Today's blog entry on how assisted living can improve the lives of not just residents, but their family members as well, was written by EPOCH at Brewster Place Sales & Marketing Director Chuck Tuttle.
“Chuck, I just need to tell you how my Mom’s move to Brewster Place has improved our lives.” I hear this fairly often. It’s always impressive to me how a move to an Assisted Living community improves the lives of folks who don’t actually live here.
Many seniors who move to Assisted Living (AL) don’t realize how stressful it was for their loved ones before they made their move. The senior may have been living under the same roof, or perhaps independently a few miles from a son or daughter. Even though the senior loves their home and seems to be doing well, there is always a question in the back of the mind of the closest living adult child: Did Mom take her meds? Did she eat lunch? Did she find her glasses? What is she doing with her day? Is she OK?
Without actually being there 24/7, the concerns most adult children feel about the welfare of their aging parents is constant. It’s natural to worry about them.
When a senior moves to their own Assisted Living apartment, the parent/child relationship usually changes. The responsibility of ensuring the safety, engagement and care for the parent is now in the hands of the folks at the AL, who do this skillfully every day. Medications, meals, socializing is all…done. The adult child who just yesterday was busy making sure Mom was OK in addition to the demands of their own lives, can begin to relax. It’s amazing.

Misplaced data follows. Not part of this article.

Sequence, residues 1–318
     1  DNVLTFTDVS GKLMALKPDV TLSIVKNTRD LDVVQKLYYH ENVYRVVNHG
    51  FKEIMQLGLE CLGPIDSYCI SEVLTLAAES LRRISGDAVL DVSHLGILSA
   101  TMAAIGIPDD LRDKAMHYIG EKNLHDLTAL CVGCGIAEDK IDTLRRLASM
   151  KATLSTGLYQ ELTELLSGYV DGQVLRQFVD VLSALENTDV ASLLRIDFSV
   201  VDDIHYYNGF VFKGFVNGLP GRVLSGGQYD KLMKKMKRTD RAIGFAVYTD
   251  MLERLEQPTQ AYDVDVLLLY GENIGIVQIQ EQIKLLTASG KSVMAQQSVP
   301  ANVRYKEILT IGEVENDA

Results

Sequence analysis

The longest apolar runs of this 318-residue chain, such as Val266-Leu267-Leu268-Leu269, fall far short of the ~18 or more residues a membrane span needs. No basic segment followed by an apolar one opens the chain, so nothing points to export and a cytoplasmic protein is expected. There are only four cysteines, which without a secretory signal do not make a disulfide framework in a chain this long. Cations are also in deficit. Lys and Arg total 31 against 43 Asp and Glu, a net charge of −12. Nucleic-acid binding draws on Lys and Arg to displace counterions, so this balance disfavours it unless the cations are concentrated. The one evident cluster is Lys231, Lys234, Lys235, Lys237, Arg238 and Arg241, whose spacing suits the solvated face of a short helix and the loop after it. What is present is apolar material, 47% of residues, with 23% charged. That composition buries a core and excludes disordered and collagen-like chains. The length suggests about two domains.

It’s great to see, when the children come to visit Mom or Dad in their new home, there is no angst. Mom is usually reporting about yesterday’s bridge game, the art appreciation project, or about how the concert pianist played their favorite songs in the living room. I enjoy the smiles and the incredulous looks from the adult children as they realize they need not worry about the care of their beloved parent. Mom’s getting her meds in the correct dose and on time, she’s eating well, maybe gaining some weight, and she’s made friends. She‘s doing better than she ever could living at home.
I believe that the benefit of an Assisted Living lifestyle reaches far beyond the walls of the building and into the lives, hearts, and minds of the families who become our extended family.